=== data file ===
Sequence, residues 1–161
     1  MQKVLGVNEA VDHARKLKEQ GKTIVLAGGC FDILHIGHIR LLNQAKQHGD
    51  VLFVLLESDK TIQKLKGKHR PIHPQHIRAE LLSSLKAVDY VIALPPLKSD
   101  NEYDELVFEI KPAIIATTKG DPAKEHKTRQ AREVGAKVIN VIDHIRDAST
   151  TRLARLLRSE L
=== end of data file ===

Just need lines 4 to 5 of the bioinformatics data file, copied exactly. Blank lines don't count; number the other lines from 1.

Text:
   101  NEYDELVFEI KPAIIATTKG DPAKEHKTRQ AREVGAKVIN VIDHIRDAST
   151  TRLARLLRSE L